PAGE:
Staying active when you’re not able to go places and gather together is tough enough, now add not being able to see well into the equation, and you’ve got an even trickier problem to solve. Camp Abilities Saratoga (CAS) has figured out a solution.
“Everyone is struggling with isolation due to COVID. This issue is compounded for children who are blind or visually impaired. CAS is focused on reducing isolation by keeping these children connected with their peers and counselors,” said Joe Brady, Vice President of Communications.
TRANSFORMING VACA’S INTO VCAS
The week-long CAS educational sports camp, sponsored by the Saratoga Lions Club, is like a very special and educational, vacation.
It’s a one-on-one VACA that typically offers guided activities including baseball, soccer, horseback-riding and more to its campers. To comply with social-distancing guidelines, they decided to adjust their program and instead go virtual this past summer – transforming a VACA into a VCAS (Virtual Camp Abilities Saratoga).
“In 2020, we had a couple months to prepare, develop programs, send equipment and technology to the campers and counselors so we could conduct our annual camp - transforming it from a physical camp to a virtual camp while keeping and strengthening CAS’s mission,” said Brady.
“Our camp directors and counselors did a masterful job of creating a wonderful, meaningful, and educational experience for our campers.”
The online campers, ages 10 to 16, were invited to log-in three times a day for six days of activities including yoga, strength-training, and pound fitness (a high-intensity cardio workout that combines yoga with rhythmic drumming).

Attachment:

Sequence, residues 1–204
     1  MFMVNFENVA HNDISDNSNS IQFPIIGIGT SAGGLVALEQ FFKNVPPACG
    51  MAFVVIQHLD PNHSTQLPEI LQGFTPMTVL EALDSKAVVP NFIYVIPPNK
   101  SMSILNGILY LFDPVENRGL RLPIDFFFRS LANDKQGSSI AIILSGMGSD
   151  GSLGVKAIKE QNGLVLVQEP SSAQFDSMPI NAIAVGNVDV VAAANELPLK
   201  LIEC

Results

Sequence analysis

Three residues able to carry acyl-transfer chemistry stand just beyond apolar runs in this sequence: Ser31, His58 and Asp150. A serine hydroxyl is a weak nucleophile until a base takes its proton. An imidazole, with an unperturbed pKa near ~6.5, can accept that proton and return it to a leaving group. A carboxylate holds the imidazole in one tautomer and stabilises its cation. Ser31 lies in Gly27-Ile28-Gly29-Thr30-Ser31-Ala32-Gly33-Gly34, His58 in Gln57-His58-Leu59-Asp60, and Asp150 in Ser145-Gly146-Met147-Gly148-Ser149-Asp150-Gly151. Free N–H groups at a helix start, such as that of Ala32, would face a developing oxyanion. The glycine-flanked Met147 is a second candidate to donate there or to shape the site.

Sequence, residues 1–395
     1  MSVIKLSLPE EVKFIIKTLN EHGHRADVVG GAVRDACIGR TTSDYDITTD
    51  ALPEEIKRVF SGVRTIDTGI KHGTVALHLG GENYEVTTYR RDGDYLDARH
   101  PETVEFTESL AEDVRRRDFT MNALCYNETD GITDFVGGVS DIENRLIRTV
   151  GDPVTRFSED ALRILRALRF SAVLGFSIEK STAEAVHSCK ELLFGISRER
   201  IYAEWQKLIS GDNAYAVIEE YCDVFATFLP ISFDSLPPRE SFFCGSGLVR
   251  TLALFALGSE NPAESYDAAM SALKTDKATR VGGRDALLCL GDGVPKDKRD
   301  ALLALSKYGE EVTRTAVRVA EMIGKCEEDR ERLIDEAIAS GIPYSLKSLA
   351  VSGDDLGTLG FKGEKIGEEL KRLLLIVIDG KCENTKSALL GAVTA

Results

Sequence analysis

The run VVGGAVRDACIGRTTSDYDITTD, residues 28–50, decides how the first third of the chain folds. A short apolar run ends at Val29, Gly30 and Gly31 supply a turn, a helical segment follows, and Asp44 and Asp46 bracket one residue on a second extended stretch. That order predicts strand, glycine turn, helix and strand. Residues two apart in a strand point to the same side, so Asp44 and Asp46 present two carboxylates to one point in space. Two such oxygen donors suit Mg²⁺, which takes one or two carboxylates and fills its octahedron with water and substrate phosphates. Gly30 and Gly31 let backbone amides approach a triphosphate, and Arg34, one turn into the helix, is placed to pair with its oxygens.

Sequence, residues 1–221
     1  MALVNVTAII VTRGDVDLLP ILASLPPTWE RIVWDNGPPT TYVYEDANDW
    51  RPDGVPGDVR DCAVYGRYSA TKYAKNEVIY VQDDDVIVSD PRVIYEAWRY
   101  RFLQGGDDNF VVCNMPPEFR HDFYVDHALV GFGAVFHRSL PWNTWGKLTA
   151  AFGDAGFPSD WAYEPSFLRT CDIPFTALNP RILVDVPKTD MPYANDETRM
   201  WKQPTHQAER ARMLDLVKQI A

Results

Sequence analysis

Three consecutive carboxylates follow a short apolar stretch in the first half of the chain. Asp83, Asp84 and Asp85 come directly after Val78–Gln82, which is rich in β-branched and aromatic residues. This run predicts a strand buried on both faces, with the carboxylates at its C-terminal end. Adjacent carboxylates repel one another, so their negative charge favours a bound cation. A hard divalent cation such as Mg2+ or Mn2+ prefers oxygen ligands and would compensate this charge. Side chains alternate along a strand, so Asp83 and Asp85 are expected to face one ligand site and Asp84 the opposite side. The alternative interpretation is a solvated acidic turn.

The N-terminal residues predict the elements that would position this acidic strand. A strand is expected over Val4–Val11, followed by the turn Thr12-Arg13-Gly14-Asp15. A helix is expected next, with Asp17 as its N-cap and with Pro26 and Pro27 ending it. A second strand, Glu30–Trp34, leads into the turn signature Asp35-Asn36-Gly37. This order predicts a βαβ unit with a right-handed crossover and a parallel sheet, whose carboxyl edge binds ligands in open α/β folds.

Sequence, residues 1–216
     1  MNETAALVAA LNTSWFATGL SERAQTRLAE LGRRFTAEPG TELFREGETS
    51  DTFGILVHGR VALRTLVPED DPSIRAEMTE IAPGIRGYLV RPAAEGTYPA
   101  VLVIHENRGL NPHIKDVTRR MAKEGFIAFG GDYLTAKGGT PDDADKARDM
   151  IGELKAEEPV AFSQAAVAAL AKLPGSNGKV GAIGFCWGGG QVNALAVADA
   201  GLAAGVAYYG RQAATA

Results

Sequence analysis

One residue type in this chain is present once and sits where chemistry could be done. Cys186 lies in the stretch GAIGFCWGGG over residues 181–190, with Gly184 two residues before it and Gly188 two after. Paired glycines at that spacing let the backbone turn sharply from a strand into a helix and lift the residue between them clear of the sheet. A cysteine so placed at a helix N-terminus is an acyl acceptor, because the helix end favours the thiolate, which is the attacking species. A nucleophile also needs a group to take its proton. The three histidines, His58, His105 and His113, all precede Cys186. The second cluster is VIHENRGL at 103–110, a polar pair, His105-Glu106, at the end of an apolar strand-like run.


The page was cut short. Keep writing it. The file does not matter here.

“What I’m hearing from them is that their week with us it the highlight of their year, so I thought, why can’t we connect with our campers throughout the year and keep those relationships going?” said Camp Director Tiffany Suppes.
MINI-CAMPS HAVE MAJOR IMPACT
The success of the August 2020 virtual camp was the impetus of the CAS mini-camps that are now happening every other month.
The first, in December, featured a Body by Dottie workout, a yoga class, and as a special treat – cookie making. In addition to empowering the 16 campers to find ways to be physically active on their own at home, these activities are geared to help them improve upon their daily living skills.
These activities are also a chance for families to get involved like never before.
“Some things are a blessing in disguise. Now we’re able to work with families closely which we were not able to do before. We show campers’ parents and siblings how to adopt and modify activities for them, and the options they have at home,” said Suppes.
An easy, socially-distant outdoor activity that she suggests is disc golf – just have a sighted companion set up a cell phone or an inexpensive Bluetooth speaker at the target and you’re ready-to-play.
The next mini-camp will be held on Saturday, February 6 and will include a HIIT workout, a virtual scavenger hunt, and a game of Family Feud.
“I feel very fortunate to be able to connect with the campers and to find ways that we can all come together during this time,” added Suppes.
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